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KNOXVILLE, Tenn. — Burley tobacco buyers want their leafs sorted by grades, and doing so will help Tennessee growers in the long run, a University of Tennessee tobacco specialist said Thursday.

 Dr. Don Fowlkes said stronger demand and other market factors last year created a one-price market where buyers paid a flat $1.92 per pound for all tobacco. This encouraged Tennessee growers to mix higher quality leaf with lesser grades.

 However, buyers are more selective this year and paying more for higher grades, Fowlkes said. This year’s prices range from about $1.85 to $1.95 per pound, he said.

Selling different grades at varied prices instead of mixed grades at a fixed price makes Tennessee growers more quality conscious and competitive in overseas markets, Fowlkes said.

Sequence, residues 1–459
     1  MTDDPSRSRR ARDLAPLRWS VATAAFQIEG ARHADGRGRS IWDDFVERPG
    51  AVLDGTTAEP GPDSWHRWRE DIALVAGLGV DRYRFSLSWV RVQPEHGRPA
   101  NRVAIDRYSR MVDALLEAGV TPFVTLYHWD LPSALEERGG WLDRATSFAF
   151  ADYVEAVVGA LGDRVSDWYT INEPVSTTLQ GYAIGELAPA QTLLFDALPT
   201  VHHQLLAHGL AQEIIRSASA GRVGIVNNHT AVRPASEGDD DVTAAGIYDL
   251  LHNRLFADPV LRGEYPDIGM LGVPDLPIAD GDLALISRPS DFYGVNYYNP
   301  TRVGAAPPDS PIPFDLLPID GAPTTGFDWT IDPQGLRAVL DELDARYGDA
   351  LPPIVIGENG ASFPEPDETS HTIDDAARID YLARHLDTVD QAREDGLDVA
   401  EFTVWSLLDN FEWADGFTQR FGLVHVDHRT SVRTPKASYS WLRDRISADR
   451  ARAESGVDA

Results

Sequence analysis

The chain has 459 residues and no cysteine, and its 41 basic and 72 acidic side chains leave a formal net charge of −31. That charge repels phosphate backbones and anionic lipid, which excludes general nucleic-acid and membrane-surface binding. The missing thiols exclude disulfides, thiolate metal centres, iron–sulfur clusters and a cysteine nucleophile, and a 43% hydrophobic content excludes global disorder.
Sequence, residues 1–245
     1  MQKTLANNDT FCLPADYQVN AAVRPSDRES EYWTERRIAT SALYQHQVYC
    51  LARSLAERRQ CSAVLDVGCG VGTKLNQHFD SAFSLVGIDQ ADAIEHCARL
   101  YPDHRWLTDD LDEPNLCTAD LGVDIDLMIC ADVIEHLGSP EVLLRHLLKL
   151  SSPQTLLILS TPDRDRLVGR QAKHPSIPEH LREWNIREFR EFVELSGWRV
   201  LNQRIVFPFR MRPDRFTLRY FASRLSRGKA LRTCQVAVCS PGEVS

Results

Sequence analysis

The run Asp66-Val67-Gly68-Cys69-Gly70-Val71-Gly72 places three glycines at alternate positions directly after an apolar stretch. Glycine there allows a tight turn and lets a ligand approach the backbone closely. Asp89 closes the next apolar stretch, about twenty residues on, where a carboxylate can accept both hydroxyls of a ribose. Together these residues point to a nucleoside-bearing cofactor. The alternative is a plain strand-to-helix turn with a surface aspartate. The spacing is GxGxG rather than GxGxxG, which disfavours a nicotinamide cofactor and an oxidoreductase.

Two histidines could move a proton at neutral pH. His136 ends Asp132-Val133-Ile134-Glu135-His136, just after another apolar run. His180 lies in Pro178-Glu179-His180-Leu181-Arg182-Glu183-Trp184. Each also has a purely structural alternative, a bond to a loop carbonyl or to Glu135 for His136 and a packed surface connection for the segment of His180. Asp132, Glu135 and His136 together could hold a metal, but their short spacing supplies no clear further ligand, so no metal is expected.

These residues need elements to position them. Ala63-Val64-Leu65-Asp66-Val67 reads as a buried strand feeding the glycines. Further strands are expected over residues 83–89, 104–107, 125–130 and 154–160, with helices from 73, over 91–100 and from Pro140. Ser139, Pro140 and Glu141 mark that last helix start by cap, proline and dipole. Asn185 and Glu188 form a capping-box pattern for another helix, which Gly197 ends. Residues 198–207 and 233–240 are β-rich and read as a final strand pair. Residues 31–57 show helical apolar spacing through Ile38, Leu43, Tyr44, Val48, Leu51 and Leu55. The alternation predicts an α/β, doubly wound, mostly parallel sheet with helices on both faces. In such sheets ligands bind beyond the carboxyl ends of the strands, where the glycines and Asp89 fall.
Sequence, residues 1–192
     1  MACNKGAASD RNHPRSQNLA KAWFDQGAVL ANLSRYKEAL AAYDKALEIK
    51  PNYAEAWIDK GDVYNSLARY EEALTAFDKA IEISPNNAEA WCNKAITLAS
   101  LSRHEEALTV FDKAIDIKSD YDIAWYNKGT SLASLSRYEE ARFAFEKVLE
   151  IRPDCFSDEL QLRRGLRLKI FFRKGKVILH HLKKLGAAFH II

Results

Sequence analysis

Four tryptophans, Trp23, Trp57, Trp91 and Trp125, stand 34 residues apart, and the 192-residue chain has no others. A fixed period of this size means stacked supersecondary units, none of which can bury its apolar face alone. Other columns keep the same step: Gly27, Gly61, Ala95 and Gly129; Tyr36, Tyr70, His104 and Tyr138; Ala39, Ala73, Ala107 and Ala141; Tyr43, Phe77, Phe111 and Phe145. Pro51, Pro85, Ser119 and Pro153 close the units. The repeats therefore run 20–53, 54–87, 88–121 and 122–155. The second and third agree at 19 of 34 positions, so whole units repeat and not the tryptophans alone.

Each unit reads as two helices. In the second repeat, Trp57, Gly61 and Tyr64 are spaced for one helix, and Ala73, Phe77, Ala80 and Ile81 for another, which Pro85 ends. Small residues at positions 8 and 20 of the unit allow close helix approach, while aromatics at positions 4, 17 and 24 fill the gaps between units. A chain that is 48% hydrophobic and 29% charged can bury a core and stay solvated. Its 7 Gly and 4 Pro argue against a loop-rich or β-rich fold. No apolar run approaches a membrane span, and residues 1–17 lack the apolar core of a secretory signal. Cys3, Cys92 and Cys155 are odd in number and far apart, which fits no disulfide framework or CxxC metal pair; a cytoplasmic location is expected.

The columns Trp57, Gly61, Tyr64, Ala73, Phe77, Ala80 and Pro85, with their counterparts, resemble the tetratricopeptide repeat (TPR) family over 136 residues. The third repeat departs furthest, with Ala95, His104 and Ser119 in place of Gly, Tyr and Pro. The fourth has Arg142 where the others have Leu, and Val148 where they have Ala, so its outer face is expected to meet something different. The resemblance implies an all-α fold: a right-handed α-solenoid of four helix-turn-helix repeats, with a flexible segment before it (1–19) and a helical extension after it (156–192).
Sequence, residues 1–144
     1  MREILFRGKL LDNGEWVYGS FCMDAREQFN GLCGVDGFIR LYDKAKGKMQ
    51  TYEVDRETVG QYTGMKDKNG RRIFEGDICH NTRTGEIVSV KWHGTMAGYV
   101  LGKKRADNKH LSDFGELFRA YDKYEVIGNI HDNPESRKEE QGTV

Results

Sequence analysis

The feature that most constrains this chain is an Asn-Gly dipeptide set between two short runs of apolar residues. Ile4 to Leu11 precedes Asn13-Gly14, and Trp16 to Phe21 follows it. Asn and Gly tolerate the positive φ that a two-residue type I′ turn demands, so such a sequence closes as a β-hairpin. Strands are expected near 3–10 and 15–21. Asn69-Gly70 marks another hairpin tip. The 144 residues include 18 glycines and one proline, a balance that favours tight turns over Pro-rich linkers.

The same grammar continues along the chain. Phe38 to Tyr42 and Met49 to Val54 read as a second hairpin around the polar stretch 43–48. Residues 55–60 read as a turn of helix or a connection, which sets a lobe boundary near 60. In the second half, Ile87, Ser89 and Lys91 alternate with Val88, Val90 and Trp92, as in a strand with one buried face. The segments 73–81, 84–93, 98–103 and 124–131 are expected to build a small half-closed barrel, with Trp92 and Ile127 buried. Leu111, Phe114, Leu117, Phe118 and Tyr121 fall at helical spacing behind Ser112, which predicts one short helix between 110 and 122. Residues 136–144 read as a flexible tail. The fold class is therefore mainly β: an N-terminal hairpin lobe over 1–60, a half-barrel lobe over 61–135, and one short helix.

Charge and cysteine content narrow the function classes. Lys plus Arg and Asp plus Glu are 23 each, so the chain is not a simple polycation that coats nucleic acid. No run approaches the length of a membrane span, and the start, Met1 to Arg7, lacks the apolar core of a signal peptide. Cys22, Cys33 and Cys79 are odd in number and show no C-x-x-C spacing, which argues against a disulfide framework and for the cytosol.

“I would rather see the kind of burley markets we have right now than last year’s one-price market,” Fowlkes said. “This kind of market encourages and supports grading of tobacco by different quality concerns, such as how high the leaf is on the stalk.

 “That helps ensure that we will maintain our customers over the long haul. We’ve already lost customers for U.S. tobacco over the last few years because we’ve had so much mixed-grade tobacco.”

 The State Agricultural Statistics Service reports Tennessee growers sold about 88 million pounds of burley in 1996 for $169 million. This year, an estimated 83 million pounds is expected to go for about $159 million.


 Contact: Dr. Don Fowlkes (423-974-7208)